somewhere, somehow, Schrödinger’s cat
has lost her electrons, her nine lives,
and her ability to die once her nine lives
are over—which shouldn’t be possible,
but cats are like that—the natural feline borders
between reality and our bad dreams
lurking in superposition. when I leave my apartment
I can count on bowls of cream and canned tuna
on stoops to keep this city’s cats purring
while barren asphalt lots rot to black dust,
fences corrode, and the uranium dynamo
at earth’s core continues to decay and transform
into new forms of matter, though we’re unaware
that it’s happening, each moment, miles below us,
except when we are aware.
when I don’t leave my apartment I can still count on
cream and tuna to keep Schrödinger’s cat
between the spheres of life and death (for now)
and all of it’s so carefully balanced, the cats
and our eroding city, the rusting Pontiac in the neighbor’s yard,
the way every force is really the same force expressed differently,
whether it’s light, magnets, atomic bombs, or gravity.
and we’re never aware of any physical laws
until we are—but by then we’re so occupied
with life-as-life and death-as-death that we can’t
see Schrödinger’s cat at the window, the bank vault,
Fort Knox, our military bases, making away
with our A-bombs, our encrypted messages,
our quantum scramble to the top that leaves us all
marveling at matter and its possibilities.
Schrödinger’s cat is hardly a menace—
dead or alive, she purrs and laps milk
like any cat would.
The Addressing of Cats
we always talked about
visiting Central Park Zoo
to watch the pachyderms
drape themselves in mud and grass,
and Eliot used to write about
the hippopotamus rising
from the mud and ascending heavenward,
or at least toward the thought of heaven.
you said I slept and ate like a panther,
that I couldn’t be trusted—
that you always sensed the feline
in my every step, each time my fingers
brushed your face. know that
I never meant for my fingertips
to be read as threats or promises—
all I ever wanted was a day at the zoo,
to be called by my name, a Sunday afternoon
spent over iced coffee and Sudoku
with the sun setting earlier each day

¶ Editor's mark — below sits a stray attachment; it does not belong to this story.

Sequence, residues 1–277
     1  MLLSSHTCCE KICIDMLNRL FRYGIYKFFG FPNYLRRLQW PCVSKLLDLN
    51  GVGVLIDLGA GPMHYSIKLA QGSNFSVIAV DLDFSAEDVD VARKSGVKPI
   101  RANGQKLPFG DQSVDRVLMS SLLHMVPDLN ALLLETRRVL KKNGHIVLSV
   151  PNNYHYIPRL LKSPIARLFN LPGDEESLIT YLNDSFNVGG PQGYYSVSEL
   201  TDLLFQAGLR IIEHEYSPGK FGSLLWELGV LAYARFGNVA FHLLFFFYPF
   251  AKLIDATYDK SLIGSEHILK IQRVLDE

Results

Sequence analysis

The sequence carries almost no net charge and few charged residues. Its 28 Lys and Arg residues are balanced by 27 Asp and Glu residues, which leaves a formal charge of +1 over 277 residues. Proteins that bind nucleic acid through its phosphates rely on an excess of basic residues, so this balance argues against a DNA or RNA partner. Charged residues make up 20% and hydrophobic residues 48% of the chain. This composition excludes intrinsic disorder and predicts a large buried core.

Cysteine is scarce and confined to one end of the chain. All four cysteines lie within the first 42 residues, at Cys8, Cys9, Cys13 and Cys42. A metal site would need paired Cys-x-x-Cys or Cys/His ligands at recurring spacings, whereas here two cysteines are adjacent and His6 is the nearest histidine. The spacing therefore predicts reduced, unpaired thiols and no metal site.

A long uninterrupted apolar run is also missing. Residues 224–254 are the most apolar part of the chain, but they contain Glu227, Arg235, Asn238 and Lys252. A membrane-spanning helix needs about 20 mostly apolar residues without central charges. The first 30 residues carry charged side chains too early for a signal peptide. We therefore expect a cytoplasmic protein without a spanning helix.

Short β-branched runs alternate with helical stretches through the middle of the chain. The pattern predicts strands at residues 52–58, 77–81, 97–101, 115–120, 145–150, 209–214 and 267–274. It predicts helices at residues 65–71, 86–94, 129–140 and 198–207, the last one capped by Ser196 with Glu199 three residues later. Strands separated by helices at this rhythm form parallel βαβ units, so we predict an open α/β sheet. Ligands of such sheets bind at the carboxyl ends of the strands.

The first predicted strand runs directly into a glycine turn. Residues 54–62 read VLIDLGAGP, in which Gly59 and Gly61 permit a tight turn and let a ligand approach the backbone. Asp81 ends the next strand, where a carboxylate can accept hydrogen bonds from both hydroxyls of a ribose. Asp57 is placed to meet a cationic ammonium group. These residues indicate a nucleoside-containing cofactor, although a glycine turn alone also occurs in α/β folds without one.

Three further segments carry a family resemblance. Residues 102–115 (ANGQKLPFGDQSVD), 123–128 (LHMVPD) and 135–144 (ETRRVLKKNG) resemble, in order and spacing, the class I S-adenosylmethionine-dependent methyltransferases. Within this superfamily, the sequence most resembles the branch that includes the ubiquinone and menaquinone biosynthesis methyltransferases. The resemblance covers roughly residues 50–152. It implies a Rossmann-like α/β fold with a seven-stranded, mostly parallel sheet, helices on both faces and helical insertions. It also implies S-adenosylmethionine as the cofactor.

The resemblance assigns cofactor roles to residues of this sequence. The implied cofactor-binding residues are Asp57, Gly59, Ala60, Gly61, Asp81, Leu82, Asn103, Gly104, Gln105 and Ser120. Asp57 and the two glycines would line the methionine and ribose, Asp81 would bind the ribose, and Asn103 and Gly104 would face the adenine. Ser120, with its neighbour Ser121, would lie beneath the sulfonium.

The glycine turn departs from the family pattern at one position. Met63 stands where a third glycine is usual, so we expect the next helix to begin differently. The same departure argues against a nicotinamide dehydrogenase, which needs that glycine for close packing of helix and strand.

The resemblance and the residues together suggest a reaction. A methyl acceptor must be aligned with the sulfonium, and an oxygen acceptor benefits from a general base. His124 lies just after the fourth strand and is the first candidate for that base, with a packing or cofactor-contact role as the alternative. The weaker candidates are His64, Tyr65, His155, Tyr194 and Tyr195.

until we’re both older than we remembered,
and we can reminisce about
when we were both young
and we thought the greatest
thing in the world was watching
pachyderms cover themselves in mud—
as if what we were and what we become
mean anything with each passing year—
and believe me, if I see you
one of these days at Central Park Zoo,
that shock of black hair concealing your eyes,
and you have a new lover, maybe
children hanging from your arms
or trailing behind you, I’ll know
there’s been time spent here and elsewhere,
and that there wasn’t a thing we could have done,
nothing we could have changed.
it’s been long enough—
we no longer need to
call each other anything other than
what we are and always have been.
but I’ll remember
you once called me a cat
masquerading as a dog—
and you weren’t wrong—
though maybe I was neither
I’ve measured my life and other lives
in coffeespoons far too often
to think that so much history
could solidify inside my body,
so hard and dependable—
even my bones can’t object
I’ve measured my life in kitty litter and clipped whiskers
I’ve measured my life until my eyes and lips turned pink
I’ve measured my life until my knuckles and brain turned white
I’ve measured my life like this too often
I’ve measured so much and seen so little
that the measurements hardly mattered
Stray Cat Blues
(for Hirohiko Araki)
stray cat lapping
the last ounces of milk and liquor—I see you and I
think I know you—and I used to think
I wanted to know you.
stray cat, you aren’t the same these days.
pantry void of tuna and cream,
milk man hasn’t dropped the goods off in days.
is that puddle of liquor you’re lapping
your final answer for tonight?
stray cat, let me live a quiet life—
I can’t erase time, much less reverse it.
stray cat, I’m admiring these low-hanging clouds,
I’m picturing the fog and the distortion
hovering around the sodium lamps,
and that’s enough for this night.
I’m burning candles at both ends, stray cat,
balancing each candle on its side.
I’m running short on time, stray cat,
but to watch you there, tasting
the last of the night, is more than enough for me.
I played the villain
in every musical I’ve ever been in,
and that’s fine—a real mean streak
onstage, but I could shed
that streak whenever I felt like it.
our musicals were always best in April
because we could stay indoors
for days at a time, make every night a rehearsal.
and once, in the middle of April,
I saw a woman wearing a t-shirt
that read, April is the cruelest month,
and I thought of you until May. tell me,
did you leave me thinking I was the villain
I’d always been onstage? or did I
strike you as a softer James Dean?
don’t answer that—I don’t know
if I’d like the answer. just know
that when the lights dim
I won’t shed my costume.
my throat’s sore.
I don’t know if I’ll sing tonight.